Wendy Wang plays her 3/4-sized Kimball piano.

The first time I saw Wendy Wang perform was at the Hi-Hat, a new venue in the Highland Park neighborhood, with her band, The Sweet Hurt. A friend let me know the gravity of the sitution. “You gotta see this show.”

Find out more about Wendy at thesweethurt.com.

What was the last thing you listened to?

I think it was a Kacey Musgraves song. Some friends were saying, “Oh, you gotta check her out.” But I didn’t know she was an artist until a couple days ago.

Do you listen to a lot of country music?

Not really, so I tried to go into it with an open mind. Right away when you listen to it, there are certain aesthetics that are very different from other things I would naturally be drawn to. But there were some really nice songs I liked.

What was your first instrument?

I went to my first piano lesson when I was four. So piano is my first instrument. And I remember the first song I ever learned, I’ll always remember how to play it. It was in one of those stock books, this red book that was landscape. I just thought it was fun. “It’s just like a video game! You see that, and you do that.”

Did you want to play piano in particular?

I think my parents just signed me up, but I was excited for the opportunity, because my older sisters had been playing, and I was thinking, I want to try it out, too.

What was the actual piano you played on?

An upright Kimball, I think. I guess probably a student model piano. It wasn’t a tall one, maybe... three-quarters? I don’t know the exact “categories” of pianos are.

Do you still play piano?

I do, yeah. But I quit lessons when I was twelve years old, and I remember at the time thinking, I’m never going to get any better at this, this is not fun. The pieces got harder and I didn’t want to practice. But... I started taking lessons again earlier this year.

What prompted that?

I was listening to a lot of R&B and thinking, Wow, this harmony is— it’s not straight-ahead jazz, it’s not straight classical stuff.Mister Chameleon” by KING, for instance. I was interested in how people were figuring out those voicings, and I thought it was beautiful. And I knew players who could play like that, so I started asking them.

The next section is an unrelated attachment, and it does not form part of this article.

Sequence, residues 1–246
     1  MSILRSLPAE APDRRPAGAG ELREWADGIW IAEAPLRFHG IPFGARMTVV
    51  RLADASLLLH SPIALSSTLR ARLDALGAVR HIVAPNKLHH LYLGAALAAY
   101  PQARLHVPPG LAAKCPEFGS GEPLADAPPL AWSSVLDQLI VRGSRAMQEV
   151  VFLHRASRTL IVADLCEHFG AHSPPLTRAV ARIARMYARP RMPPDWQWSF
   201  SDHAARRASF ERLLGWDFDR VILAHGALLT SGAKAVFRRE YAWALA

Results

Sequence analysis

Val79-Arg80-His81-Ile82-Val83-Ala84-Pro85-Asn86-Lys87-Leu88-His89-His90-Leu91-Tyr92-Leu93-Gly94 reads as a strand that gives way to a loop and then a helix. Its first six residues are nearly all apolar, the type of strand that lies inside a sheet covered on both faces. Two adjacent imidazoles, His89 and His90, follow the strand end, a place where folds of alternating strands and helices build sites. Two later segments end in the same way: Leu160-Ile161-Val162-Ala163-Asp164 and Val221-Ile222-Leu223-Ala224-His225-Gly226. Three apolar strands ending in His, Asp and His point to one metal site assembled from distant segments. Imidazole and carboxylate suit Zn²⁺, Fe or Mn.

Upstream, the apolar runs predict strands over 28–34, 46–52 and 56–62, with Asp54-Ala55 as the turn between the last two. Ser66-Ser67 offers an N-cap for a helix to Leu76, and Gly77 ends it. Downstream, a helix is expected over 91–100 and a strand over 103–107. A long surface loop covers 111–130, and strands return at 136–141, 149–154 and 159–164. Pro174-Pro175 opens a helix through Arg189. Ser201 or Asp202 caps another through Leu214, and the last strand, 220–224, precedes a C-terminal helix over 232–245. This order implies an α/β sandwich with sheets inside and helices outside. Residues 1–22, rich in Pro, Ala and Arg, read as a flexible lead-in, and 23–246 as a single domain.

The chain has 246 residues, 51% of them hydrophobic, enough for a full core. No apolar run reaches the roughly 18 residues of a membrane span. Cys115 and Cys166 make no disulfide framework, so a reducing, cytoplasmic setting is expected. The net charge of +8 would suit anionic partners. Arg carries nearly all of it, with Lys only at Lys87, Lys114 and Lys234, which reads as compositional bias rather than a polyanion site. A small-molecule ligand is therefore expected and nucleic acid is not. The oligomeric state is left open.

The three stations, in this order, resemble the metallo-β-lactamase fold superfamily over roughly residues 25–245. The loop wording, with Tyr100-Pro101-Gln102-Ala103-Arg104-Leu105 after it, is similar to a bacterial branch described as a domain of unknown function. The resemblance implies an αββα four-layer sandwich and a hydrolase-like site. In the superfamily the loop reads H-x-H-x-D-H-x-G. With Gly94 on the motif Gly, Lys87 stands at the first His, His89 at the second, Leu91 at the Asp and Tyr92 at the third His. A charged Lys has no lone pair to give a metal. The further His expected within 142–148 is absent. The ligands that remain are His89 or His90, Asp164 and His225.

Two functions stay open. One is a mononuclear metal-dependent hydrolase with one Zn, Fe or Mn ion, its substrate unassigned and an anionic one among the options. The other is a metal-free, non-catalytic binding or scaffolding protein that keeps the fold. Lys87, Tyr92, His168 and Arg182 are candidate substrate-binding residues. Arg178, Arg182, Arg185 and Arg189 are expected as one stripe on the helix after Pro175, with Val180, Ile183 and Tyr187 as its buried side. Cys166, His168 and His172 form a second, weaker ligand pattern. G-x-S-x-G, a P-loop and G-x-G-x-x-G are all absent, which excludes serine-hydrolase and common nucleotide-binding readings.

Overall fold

Now that you’re a musician, piano lessons have to be fairly different right?

Yeah, now I go in and I have more questions. I ask for more information. And I’m just more excited about going. And I’ll actually practice.

What was your first instrument that was really yours?

I’d say guitar was the first one. We had an exchange student living with us, when I was in middle school. He was from Switzerland, and he had a friend who was a musician, from the local high school, who lent him a guitar. So when he wasn’t playing it, I would ask him, “Can I play your guitar?” I ended up just taking it over and playing for hours every day. So that’s when I knew I was really into something. I was like, “I do want to practice, I do want to get better at something.”

So that was your first musical instrument right after piano?

Well, there was also clarinet in school band. Clarinet always confused me — well, you just play one note at a time. One note at a time was so foreign to me, being a pianist. But then I realized, well, alright, you play with a group of people, I get it. But I never thought, I’m going to learn how to solo on this thing and write duets for the clarinet.

Do you remember what kind of guitar it was?

It was a nylon string. But the funny thing was, there was no high E string on it.

So it was a five string guitar?

Yeah, it was a five string guitar. I remember going to my next door neighbors’ house and they had a guitar. Oh my gosh, they have the E string!. I started playing a Stone Temple Pilots song that required that note.

You knew your guitar was missing that string?

Yeah! I would practicie as if it were there.

But it seemed like an impossibility that you would add the string?

Yeah, I looked at the mechanics and I was like, I don’t know how this works, and it wasn’t my guitar. About a year later, my mom got me a guitar, a classical guitar, with all six strings on it.